Statistical analysis

Statistical analysis is performed using SPSS Version 23.0 (IBM SPSS Statistics for Macintosh, IBM Corp., Armonk, NY, USA). Questionnaire responses from dentists and medical doctors are compared. Categorical data is compared using a chi-square test (cell count ≥ 5) or Fisher’s exact test (cell counts < 5). A p-value of < 0.05 is considered statistically significant given an 80% test power. Responses by laypeople are presented categorically and not included in the statistical comparison.


Healthcare professionals (dentists and physicians)

The participants who completed the questionnaire consisted of 100 dentists and 100 physicians (Table 1). Participants were male (58%) and female (42%), with the majority aged 26–45 years. Medical doctors were older than their dentist counterparts (p = 0.012) and had more clinical experience (p = 0.033) with dentists possessing an average of 7.9 years (SD ± 7.4 years) compared to doctors holding 10.1 years (SD ± 6.9 years). Regarding receiving care, 27% had been supported by ear-nose-throat (ENT) specialists and 23% were treated by OMFS specialists, while 41% reported no prior medical treatment. Medical doctors had more personal experience with plastic surgery (PS) and ENT specialists while dentists had more personal experience with OMFS (p < 0.001).

Table 1 Respondent characteristics: number of participants, gender, age range, and years of experience

Responses to trauma-related questions relating are presented in Table 2. An OMFS was preferred by both groups to treat broken jaws, eye bone fractures, and teeth trauma. Both groups would refer to PS for facial lacerations, but a larger proportion of dentists would refer to OMFS (43% vs. 19%; p < 0.001) while a larger proportion of medical doctors would refer to general surgery (GS) (26% vs. 7%; p < 0.001). Nose fractures caused more doctors to refer to ENT (79% vs. 43%; p < 0.001) while significantly more dentists would include an OMFS referral (37% vs. 4%; p < 0.001).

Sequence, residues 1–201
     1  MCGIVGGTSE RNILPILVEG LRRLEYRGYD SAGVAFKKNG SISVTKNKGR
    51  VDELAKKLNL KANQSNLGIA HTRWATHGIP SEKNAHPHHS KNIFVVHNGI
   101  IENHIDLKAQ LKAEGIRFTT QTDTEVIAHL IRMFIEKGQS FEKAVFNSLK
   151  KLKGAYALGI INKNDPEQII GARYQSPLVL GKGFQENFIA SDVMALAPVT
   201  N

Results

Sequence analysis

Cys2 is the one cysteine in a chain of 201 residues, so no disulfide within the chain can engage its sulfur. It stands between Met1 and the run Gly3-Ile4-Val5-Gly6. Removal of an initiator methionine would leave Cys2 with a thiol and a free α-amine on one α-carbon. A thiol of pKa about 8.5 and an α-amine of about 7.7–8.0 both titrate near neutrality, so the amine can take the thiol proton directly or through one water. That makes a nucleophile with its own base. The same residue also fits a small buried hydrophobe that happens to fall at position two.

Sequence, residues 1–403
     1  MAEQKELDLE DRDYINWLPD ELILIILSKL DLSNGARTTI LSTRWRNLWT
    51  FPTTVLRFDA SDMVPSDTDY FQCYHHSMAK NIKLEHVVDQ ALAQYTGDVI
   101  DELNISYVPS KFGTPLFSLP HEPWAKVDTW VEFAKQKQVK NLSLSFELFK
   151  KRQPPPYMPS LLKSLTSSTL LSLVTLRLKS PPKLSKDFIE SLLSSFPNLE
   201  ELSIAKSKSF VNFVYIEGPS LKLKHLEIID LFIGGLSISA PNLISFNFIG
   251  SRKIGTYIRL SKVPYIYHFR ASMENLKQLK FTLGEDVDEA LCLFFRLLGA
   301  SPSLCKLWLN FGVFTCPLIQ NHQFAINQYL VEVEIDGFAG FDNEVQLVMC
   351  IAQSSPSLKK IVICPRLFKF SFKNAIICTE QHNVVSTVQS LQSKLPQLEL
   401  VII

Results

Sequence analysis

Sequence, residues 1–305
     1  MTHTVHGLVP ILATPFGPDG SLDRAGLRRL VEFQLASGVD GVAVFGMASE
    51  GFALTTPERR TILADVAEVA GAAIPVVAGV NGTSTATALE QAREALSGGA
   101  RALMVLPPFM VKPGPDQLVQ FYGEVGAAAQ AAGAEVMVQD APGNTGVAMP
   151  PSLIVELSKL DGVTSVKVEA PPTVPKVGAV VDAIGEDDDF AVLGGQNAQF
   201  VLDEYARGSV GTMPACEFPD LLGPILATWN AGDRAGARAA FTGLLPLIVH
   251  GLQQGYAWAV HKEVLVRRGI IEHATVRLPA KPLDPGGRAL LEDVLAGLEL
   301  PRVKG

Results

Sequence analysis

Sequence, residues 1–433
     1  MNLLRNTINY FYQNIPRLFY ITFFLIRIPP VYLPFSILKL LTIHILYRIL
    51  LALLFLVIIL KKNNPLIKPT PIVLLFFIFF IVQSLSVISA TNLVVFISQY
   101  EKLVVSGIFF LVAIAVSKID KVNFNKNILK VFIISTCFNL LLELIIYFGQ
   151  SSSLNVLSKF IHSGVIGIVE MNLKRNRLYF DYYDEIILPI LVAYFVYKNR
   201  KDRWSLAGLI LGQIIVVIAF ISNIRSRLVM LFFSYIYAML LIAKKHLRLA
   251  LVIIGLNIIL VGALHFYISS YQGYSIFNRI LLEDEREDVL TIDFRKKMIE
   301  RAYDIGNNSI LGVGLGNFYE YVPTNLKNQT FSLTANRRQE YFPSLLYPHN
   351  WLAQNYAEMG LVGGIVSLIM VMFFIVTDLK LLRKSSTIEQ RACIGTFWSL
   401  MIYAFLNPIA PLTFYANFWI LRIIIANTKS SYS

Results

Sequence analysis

Table 2 Trauma

Table 3 presents responses relating to pathology, showing OMFS being preferred by both groups for oral lesion biopsies, cancers of the lip, mouth, or tongue, and mouth lumps. For facial skin lesion biopsies, dentists tended to refer to OMFS (53% vs. 19%; p < 0.001), while doctors preferred PS (51% vs. 29%; p < 0.001). A patient seeking removal of a neck lump would be unlikely to get an OMFS referral from a medical doctor (7% vs. 63%; p < 0.001), who generally preferred ENT (53%; p < 0.001) or GS referrals (37%; p = 0.003). For salivary gland removal and sinus surgery, medical doctors preferred ENT (52% and 80%; p < 0.001) while dentists preferred OMFS for both procedures (90% and 51%; p < 0.001).

Table 3 Pathology

PS or OMFS was preferred for reconstructive surgery scenarios (Table 4). Dentists preferred OMFS for children with cleft lips (p < 0.001), cleft palates (p < 0.001), and both conditions (p < 0.001), while medical doctors referred to PS most often for these procedures. Facial reconstruction following trauma saw dentists more likely to choose OMFS (69% vs. 48%; p = 0.003) and medical doctors preferring PS (52% vs. 30%; p = 0.002). Dentists referred to PS (46%) and OMFS (47%) in roughly equal numbers for facial reconstruction requiring free flaps but medical doctors were more likely to refer to PS (72%; p < 0.001) than OMFS (28%; p = 0.006). Similarly, dentists would refer to OMFS for facial bone grafts more than medical doctors (75% vs. 44%; p < 0.001). While both dentists and medical doctors would refer to OMFS for wisdom teeth removal, a large proportion of doctors would also refer to other specialties (34%; p < 0.001).